Professor Paul Abdu of the Department of Veterinary Medicine at Ahmadu Bello University Zaria facilitated a session on strategies aimed at reducing the need for antimicrobials on farms. Some of the points raised were vaccination, good husbandry and management beginning from buying disease free day-old chicks or point-of-lay birds from reputable sources to brooding under stress free conditions. He also mentioned the importance of maintaining adequate and balanced feed for the birds, the benefits of considering the location, size and materials used for poultry housing as well as proper ventilation. The emphasis of this session was on maintaining good biosecurity measures to stop diseases from entering the farms hence reducing the need for antimicrobials. This session also included an interactive session aimed at understanding the sources of infectious agents with a view to preventing introduction of infections into the farms.
Professor Hauwa’u Yusuf, a practicing organic poultry farmer for the past 15 years led participants to explore the possibility of farming without antibiotics. She shared her experiences with the farmers including challenges of venturing into organic farming and how they can be overcome.
The major highlight of the day was the panel discussion exploring different perspectives of AMR from a physician, experienced poultry farmers, diagnostician, researcher and private veterinarians and the session where farmers were led to design strategic action plans specific for their individual farms. It was exciting to see the farmers incorporate knowledge gained from the program as they came up with measures to reduce the use of antimicrobials on their farms.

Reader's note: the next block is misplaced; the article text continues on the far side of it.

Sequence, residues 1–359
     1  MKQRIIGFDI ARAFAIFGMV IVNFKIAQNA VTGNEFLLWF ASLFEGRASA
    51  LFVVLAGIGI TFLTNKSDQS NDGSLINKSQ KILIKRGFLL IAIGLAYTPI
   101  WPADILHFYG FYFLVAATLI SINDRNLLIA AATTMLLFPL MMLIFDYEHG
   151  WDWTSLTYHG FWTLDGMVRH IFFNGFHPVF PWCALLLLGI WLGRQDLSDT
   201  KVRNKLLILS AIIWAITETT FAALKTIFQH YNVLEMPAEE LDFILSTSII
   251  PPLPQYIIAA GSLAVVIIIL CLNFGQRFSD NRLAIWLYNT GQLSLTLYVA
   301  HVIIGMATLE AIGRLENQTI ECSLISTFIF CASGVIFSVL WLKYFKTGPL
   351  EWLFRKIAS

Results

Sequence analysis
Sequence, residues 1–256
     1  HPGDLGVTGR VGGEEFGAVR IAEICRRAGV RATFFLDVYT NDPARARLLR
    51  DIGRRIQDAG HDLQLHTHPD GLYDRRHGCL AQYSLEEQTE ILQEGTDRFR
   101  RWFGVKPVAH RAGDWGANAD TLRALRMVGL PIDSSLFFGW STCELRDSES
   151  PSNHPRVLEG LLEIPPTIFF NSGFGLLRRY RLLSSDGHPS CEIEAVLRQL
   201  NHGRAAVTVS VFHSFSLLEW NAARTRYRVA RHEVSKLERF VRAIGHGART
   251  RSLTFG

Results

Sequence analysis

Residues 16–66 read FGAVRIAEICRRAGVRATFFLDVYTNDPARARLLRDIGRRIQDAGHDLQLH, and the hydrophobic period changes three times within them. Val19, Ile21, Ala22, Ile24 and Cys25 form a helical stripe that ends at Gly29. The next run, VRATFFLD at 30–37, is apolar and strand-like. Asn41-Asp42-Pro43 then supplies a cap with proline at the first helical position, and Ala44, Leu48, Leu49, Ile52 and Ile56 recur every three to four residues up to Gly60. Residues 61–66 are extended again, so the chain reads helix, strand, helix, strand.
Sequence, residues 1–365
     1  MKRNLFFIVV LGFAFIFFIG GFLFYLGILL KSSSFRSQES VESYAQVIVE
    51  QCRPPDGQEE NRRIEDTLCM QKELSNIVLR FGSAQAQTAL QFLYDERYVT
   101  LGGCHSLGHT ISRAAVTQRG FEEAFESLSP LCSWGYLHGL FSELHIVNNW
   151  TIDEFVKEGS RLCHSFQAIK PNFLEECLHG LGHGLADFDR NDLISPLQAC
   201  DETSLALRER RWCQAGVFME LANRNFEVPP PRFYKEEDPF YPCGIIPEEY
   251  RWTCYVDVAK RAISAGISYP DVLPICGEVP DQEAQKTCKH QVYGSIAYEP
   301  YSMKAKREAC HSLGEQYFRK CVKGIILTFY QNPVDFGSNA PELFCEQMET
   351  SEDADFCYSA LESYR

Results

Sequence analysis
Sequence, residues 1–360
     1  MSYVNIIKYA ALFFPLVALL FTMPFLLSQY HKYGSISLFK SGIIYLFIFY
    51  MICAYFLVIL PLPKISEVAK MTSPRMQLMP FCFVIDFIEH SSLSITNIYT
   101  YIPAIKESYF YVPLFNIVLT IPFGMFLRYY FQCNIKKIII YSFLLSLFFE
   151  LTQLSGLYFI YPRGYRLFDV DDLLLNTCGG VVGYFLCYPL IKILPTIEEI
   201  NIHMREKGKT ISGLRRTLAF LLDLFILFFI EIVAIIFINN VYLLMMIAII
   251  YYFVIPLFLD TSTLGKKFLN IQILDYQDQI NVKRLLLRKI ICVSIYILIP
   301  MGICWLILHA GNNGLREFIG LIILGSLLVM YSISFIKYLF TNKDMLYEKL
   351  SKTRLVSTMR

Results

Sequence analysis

At the end of the event, we all agreed that AMR is closer to us than we imagined and therefore fighting AMR should be a collective responsibility. We all need to play our roles in prolonging the effectiveness of the available antibiotics; using them only when it is necessary and not out of ignorance. Understanding the cause of the problem through ensuring proper diagnosis. We need to embrace more sustainable approaches and use other alternatives to antibiotics such as probiotics where necessary.
Some quotes from participants that attended the program:
“I must congratulate the funders of this event and all those that played a role in organising it. As someone who is involved in strategic planning on AMR from the animal component in the country, I must say the program has enabled us to view the problem from a wider dimension. One of the lessons learnt from this program is that we now have to involve stakeholders such as farmers as we draw up our action plans…” Dr Bala Mohammed
“Excellent program, it will now help me to use antibiotic proper. I really enjoyed the group discussions which I understood more on rodent control. Programmes like this would improve group and sustainable farming within community” Peter Odonta
“I enjoyed every bit of it especially the interactive session where ideas were discussed. I will be using the information to also help my neighbors so that their own issues will not be transferred back to me or my farm. We thank you so much and also hope more of this kind of seminars/workshop would be held periodically” Hauwa Kabir Yeldu, Tuniga farms Kaduna
The hashtag for the event was #Farmers against antimicrobial resistance
You can follow excerpts from the events on twitter: @pepf_amr